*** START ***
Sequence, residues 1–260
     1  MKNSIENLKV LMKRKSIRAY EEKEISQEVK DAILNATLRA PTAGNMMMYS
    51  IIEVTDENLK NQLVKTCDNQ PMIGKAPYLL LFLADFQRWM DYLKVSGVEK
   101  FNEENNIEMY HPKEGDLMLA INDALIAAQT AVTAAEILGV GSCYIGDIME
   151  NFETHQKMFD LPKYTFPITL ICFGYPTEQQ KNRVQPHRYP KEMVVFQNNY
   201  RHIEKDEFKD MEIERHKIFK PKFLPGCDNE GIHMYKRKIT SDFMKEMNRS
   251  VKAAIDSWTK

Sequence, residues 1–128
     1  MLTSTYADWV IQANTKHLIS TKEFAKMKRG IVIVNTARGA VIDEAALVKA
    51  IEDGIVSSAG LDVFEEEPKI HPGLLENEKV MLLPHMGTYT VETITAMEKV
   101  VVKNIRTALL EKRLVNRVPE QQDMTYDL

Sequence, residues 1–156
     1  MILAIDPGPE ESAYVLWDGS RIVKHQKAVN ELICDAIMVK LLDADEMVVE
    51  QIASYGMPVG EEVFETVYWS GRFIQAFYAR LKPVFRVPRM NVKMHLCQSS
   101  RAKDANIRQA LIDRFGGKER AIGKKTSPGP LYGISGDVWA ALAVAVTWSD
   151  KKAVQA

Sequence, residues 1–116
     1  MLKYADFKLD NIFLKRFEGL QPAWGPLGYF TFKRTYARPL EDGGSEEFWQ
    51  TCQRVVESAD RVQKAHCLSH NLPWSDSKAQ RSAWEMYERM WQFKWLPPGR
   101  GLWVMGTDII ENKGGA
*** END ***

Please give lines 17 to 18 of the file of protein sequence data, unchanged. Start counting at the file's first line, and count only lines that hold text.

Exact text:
Sequence, residues 1–116
     1  MLKYADFKLD NIFLKRFEGL QPAWGPLGYF TFKRTYARPL EDGGSEEFWQ